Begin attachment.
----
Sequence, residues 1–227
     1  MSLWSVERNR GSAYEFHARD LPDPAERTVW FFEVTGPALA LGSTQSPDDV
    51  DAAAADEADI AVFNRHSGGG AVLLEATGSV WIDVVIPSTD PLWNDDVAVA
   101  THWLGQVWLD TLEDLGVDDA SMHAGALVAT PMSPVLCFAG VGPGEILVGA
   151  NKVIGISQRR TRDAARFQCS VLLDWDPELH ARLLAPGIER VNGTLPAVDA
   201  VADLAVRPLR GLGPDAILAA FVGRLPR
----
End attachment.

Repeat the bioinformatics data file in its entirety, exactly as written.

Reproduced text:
Sequence, residues 1–227
     1  MSLWSVERNR GSAYEFHARD LPDPAERTVW FFEVTGPALA LGSTQSPDDV
    51  DAAAADEADI AVFNRHSGGG AVLLEATGSV WIDVVIPSTD PLWNDDVAVA
   101  THWLGQVWLD TLEDLGVDDA SMHAGALVAT PMSPVLCFAG VGPGEILVGA
   151  NKVIGISQRR TRDAARFQCS VLLDWDPELH ARLLAPGIER VNGTLPAVDA
   201  VADLAVRPLR GLGPDAILAA FVGRLPR